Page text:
On Apri 3, legislation—backed by President François Hollande’s Socialist government--was adopted by the French Parliament that imposes minimum weight standards for women and girls working as models, and criminal penalties for violators.
The law comes in the wake of concern over the 2010 death as a result of anorexia of French model and actress Isabelle Caro. At one point she had weighed only 55 pounds.
The law is the most stringent of its kind to be passed so far in any country (a fine of about $83,000 and a prison sentence of up to six months would have been imposed on the modeling houses and fashion agencies in violation of it), but it isn't the first: Israel has already banned underweight and underage models, while in Italy and Spain, less sweeping bans have taken place. Italy relies on voluntary pacts with the industry, and Madrid back in 2006 banned too-skinny models from the runways of Madrid fashion week.
The Madrid ban followed the death of two severely underweight Latin American models in 2006. Their BMIs were less than 13. In 2007, the Council of Fashion Designers of America adopted a voluntary initiative setting 16 as the minimum age for models and requiring snacks (!) be available during New York Fashion Week. Vogue magazine, meanwhile, adopted some voluntary guidelines that promised to not “knowingly” use underweight models and models under 16 years old. But we think that’s not nearly enough.
Before I tell you why, though, let's first put these BMI numbers into perspective. The New York Times noted that an 18.5 index, the minimum level the French allows working models, “suggests that a women who is 5 feet 7 inches tall should weigh at least 120 pounds.” Although the French legislation allows leeway for health officials to adjust that standard “for factors such as bone size," as an overall guideline, does 120 pounds for a woman or girl who is 5 feet 7 inches tall no matter what her bone size is sound normal and healthy to you?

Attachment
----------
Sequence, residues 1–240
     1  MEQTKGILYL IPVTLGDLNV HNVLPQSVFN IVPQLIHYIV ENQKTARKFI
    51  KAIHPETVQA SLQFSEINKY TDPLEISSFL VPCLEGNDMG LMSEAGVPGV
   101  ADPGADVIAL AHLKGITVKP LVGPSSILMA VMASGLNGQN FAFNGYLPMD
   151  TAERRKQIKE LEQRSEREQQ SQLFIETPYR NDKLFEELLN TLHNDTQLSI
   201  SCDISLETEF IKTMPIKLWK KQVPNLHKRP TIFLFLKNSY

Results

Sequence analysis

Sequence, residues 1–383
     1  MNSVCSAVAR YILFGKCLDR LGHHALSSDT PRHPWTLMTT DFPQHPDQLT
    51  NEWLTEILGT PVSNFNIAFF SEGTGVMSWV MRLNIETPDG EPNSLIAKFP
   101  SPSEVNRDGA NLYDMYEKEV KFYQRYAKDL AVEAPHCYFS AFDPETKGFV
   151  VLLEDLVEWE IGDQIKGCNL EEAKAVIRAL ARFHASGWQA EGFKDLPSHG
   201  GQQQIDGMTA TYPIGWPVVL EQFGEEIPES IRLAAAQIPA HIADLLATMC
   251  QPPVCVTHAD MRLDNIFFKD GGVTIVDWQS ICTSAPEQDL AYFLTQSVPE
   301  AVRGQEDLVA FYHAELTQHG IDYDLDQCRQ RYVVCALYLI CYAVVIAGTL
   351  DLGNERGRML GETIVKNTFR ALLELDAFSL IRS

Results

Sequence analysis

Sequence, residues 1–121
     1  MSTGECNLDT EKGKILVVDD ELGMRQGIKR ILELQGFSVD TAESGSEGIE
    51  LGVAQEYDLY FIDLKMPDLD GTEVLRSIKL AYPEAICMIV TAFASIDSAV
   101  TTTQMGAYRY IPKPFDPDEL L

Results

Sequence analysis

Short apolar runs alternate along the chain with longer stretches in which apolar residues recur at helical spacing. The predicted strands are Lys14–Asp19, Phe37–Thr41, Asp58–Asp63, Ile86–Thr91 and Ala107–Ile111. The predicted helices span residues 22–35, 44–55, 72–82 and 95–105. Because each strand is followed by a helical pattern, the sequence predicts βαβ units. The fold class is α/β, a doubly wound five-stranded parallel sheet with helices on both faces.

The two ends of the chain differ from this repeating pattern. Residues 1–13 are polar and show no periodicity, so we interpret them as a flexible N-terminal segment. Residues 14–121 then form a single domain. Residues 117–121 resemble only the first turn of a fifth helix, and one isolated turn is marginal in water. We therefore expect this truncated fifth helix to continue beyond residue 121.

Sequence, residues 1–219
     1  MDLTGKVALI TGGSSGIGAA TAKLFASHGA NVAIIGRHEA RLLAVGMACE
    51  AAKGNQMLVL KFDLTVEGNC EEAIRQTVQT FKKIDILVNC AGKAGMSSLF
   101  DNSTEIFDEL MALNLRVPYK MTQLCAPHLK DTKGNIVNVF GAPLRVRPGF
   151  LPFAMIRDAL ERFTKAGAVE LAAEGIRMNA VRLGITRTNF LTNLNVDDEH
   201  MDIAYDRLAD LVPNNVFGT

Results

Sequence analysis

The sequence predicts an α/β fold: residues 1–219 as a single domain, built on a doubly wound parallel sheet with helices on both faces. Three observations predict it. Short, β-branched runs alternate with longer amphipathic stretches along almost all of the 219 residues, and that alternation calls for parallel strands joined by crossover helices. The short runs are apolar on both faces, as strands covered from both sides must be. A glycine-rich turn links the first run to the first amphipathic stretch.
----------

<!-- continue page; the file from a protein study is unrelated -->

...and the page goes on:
My co-writer Marcia notes that so dominant is the focus in schools, among public health officials, and in the media on the dangers of being overweight that her patients “have a hard time seeing that these models aren’t healthy.” And yet the truth is that a body mass index (BMI) of 18.5 is considered the very low end of normal weight by the World Health Organization and by the National Institute of Health. And, Marcia points out, an 18.5 BMI is also “too thin for most women to have regular menses and eat normally.”
To see Marcia’s carefully researched and reasoned recommendations for what she considers appropriate BMI categories for risky low weight, low weight and minimum safe weight, click here.
In the light of this week's passage of the French law, it's time, America, to consider similar legislation.